With all the talk about deconstruction, we want to show you how to talk about deconstruction with your loved ones. It’s not always an easy experience, but we know this conversation is worth having.
And it can be a scary thing to go through alone. Not only do you find yourself questioning everything you’ve ever believed in but you have to try and convey what you’re going through with others. This can be an even harder thing to do if those you love have not yet experienced the process.
Deconstruction, a messy yet beautiful process, is something that we all experience at some point in our lives. Whether it’s deconstructing your religious beliefs, ideas about politics, or opinions about worldly issues, we all experience a time of growth and reflection.
I mean, how can you explain what you’re feeling when you don’t even know what you’re feeling? Why are you deconstructing? How are you deconstructing? When did this start? What are you trying to learn? Who are you seeking advice from? Where did you get the idea to even deconstruct? These are all questions you have to fight with yourself about as well as the pressure of trying to explain all of this to others.
Though deconstruction isn’t a new concept, it has been a hot topic for the past couple of years. It’s one of the main things that we talk about on our show. In fact, it’s so prevalent that we have a specific tab on our website solely dedicated to it! And while it’s been a popular subject with our guests and listeners, we realize something was missing from the conversation. We have call-in episodes from people sharing their experiences. We’ve interviewed several guests about it and Cody and I have even shared our own experiences. But you want to know what’s truly missing? How to talk about deconstruction with your loved ones.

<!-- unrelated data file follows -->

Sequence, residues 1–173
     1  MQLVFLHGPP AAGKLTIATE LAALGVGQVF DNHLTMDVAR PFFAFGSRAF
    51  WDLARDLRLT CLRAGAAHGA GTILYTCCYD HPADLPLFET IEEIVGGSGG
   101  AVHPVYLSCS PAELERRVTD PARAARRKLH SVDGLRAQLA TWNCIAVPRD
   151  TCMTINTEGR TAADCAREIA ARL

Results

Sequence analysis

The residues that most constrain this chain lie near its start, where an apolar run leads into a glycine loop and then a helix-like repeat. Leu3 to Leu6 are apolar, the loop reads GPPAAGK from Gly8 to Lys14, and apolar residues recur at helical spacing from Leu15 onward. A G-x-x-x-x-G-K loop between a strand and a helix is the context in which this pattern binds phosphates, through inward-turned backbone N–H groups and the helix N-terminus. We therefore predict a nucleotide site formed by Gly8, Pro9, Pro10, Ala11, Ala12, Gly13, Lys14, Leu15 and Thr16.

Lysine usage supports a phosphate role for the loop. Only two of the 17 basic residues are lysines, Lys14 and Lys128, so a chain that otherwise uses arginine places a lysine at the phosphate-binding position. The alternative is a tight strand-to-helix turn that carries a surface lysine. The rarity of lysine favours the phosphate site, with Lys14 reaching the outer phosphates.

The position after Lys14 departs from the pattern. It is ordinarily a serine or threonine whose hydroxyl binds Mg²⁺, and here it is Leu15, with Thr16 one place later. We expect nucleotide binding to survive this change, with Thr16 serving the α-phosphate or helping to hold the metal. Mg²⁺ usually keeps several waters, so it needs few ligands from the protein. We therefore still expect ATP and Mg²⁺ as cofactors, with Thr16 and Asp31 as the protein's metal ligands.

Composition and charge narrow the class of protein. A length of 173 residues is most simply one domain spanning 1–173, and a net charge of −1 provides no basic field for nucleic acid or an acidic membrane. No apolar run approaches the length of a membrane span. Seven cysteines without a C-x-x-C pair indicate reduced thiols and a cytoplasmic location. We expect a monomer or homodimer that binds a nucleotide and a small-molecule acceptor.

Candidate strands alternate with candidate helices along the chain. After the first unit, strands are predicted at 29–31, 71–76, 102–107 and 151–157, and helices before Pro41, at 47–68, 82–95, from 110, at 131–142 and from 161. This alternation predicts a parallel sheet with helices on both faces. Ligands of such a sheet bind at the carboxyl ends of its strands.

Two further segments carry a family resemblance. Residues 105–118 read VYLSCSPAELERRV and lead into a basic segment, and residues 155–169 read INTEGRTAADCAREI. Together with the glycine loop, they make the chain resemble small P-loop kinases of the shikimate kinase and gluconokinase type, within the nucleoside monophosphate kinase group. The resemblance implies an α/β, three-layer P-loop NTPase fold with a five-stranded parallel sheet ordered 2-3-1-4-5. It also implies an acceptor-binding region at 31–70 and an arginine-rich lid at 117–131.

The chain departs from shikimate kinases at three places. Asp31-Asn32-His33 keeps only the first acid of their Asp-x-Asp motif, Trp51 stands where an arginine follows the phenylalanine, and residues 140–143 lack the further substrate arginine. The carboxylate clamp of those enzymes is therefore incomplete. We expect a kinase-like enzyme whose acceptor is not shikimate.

Anytime you question your beliefs it can be daunting to express those questions with your family, friends, church, etc. But the conversation is incredibly worth having. Starting completely over is always a scary task. That is why many people closet deconstruct. People carry way too much baggage around and it’s time to let go of the weight that is dragging you down.
One of the best ways to talk with our loved ones about our experiences is by implying being honest. First, being honest with ourselves and then being honest with those around us. When we recognize that those who truly love us and support our decisions are the ones we can trust, it takes the pressure off the conversation.
Sometimes our greatest fears about heavy conversations come from our perceptions of how we think the conversation will end. I know it seems easier to open up to a stranger online than it is to those closest to you. But don’t let your perceptions dictate a false narrative. Your friends and family love you. Those who truly care about you care about your well-being and will support you in your efforts to be your best self.
So invite your friends over for coffee and stay up until 2 a.m. Make it a point to talk with your family even after the holidays are over. Sit with your spouse and share your heart with them. Simply start the conversation with transparency from where you are currently at. Don’t be afraid to reach out. You might
*This week, we are talking author of Apparent Faith with Karl Forehand, on how to talk about deconstruction with your loved ones. Karl shares his experiences with his own deconstruction story and how it has strengthened his family. Deconstruction isn’t always easy but this conversation is worth having.